“He’s really cool with it. He never seemed embarrassed,” she said.

Jonny’s father subsequently married someone else, and Monroe is positive about what she calls “all of her mixed and beautiful relationships.”

“We all understand each other. It’s very modern and beautiful,” she said. “The focus is on raising this little human together in a cocoon of love, care and well-being, and I think it’s that shared goal that has underpinned all of our relationships over the past decade or so.

“I don’t pretend it’s easy because successful relationships take a lot of constant, consistent, and mindful work, but it’s definitely worth how balanced and great he’s turning out.”

The way the outside world has reacted to her sexuality hasn’t always been so positive, and Monroe has faced a lot of hostility from others.

“I’ve been bullied online for quite a while for being gay,” she said. “I never really understood what the problem with that was. I was like, well, it’s nobody’s business, is it?”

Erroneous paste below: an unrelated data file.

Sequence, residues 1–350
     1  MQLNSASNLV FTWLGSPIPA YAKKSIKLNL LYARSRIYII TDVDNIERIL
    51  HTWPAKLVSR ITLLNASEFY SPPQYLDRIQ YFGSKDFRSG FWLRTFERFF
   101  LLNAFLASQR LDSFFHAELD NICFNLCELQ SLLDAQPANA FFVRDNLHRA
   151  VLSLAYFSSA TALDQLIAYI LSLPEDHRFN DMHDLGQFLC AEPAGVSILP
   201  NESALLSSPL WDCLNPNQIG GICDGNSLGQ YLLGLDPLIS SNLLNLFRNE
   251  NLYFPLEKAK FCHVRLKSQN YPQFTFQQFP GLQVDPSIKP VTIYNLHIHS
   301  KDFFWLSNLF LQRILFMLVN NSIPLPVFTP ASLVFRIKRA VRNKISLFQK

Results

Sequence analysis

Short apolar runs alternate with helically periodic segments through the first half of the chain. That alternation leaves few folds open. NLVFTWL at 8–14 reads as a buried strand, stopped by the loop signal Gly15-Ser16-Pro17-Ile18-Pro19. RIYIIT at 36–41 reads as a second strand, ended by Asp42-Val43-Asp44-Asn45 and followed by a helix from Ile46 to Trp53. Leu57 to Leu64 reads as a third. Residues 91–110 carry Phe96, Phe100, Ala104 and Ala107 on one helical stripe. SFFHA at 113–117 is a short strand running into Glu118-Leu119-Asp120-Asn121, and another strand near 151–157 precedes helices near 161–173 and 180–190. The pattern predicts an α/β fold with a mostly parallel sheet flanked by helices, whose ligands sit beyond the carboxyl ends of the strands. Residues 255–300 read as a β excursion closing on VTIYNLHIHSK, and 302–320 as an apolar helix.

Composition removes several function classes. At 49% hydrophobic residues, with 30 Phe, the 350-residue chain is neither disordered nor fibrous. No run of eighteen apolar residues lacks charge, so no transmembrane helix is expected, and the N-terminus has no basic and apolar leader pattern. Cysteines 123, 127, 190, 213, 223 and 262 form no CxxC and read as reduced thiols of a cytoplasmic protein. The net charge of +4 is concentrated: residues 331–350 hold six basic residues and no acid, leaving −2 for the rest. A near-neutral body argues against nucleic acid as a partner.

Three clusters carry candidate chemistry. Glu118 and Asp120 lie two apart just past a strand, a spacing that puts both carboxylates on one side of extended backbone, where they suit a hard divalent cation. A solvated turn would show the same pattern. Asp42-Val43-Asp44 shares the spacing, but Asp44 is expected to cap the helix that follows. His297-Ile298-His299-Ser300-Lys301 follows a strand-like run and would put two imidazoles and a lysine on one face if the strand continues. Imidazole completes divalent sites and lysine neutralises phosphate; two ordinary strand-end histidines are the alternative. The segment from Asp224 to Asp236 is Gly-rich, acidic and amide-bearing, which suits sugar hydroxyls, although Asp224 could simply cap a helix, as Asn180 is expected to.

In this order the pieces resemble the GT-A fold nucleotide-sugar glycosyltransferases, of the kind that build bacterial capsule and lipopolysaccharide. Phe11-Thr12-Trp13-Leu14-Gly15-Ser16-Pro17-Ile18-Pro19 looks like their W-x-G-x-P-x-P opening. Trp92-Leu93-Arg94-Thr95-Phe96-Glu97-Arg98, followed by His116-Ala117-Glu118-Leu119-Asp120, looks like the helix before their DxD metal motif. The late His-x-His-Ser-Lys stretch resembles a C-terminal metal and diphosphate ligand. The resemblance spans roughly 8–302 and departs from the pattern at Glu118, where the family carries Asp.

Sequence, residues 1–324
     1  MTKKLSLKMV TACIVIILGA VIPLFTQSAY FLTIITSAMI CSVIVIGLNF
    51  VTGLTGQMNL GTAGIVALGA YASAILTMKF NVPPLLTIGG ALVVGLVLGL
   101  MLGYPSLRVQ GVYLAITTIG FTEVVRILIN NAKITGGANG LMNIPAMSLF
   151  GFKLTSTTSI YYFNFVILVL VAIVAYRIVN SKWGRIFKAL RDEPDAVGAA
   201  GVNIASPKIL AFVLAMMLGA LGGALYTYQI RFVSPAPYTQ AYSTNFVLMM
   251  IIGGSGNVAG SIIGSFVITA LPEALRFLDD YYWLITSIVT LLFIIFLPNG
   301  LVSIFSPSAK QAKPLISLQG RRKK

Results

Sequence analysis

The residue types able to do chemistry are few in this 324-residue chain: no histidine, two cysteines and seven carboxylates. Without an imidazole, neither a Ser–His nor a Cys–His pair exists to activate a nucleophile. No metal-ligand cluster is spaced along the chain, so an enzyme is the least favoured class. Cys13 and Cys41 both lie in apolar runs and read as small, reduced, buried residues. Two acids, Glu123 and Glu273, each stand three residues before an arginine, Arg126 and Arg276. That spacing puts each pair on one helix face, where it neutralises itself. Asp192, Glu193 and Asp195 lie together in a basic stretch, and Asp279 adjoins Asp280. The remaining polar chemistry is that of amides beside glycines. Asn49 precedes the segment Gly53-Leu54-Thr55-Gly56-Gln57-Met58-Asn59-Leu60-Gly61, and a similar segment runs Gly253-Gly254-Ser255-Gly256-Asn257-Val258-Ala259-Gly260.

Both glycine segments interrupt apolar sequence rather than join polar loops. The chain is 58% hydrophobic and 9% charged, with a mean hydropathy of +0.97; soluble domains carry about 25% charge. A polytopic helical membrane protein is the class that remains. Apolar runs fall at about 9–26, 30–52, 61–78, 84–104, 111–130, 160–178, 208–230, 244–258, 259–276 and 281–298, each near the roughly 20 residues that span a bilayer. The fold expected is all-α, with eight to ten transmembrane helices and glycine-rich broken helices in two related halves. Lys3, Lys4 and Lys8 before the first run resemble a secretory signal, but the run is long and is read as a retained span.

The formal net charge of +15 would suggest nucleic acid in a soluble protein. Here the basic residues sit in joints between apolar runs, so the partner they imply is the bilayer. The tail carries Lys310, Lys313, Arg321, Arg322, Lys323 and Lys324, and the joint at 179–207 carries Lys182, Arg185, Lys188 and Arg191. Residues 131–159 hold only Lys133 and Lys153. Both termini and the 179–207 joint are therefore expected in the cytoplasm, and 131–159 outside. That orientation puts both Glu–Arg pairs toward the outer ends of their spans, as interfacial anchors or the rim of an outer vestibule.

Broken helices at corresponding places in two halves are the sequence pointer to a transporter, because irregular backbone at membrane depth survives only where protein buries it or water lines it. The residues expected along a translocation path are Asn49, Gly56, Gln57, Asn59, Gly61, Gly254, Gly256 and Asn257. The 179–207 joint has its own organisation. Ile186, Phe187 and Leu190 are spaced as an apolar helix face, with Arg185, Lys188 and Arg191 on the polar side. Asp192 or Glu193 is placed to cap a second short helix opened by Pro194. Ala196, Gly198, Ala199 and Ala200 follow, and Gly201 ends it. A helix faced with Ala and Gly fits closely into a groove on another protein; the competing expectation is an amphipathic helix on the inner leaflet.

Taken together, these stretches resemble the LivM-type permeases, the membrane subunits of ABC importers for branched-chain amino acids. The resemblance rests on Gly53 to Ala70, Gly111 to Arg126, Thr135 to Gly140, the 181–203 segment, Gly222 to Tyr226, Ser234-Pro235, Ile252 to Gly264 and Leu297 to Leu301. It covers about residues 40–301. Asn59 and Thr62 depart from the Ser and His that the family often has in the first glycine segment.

She also said that other people criticized her for “not being a real lesbian because I had a baby because apparently if you get your gay card you have to give up your womb”.

But such comments do not upset her. “I’m extraordinarily secure in my sexuality and my identity,” she said.

“If someone has a problem with that, it would have hurt me in the past and I would have tried to mask it or hide it or not talk about it.

“And now I’m just like that… I’m not going to submit because of an anonymous swear word on the internet.

“I’ll just be myself and if they don’t particularly like it, well I don’t particularly mind. Because who I am and who I fall in love with or who I sleep with or whatever, that’s my business.”

Hear Jack Monroe on The Telegraph’s new podcast, The Juggling Act, on the audio player above, on Apple Podcasts, Spotify, or wherever you listen to podcasts. Join the Telegraph Women Facebook group to discuss The Juggling Act and more. Jack Monroe on life as a non-binary parent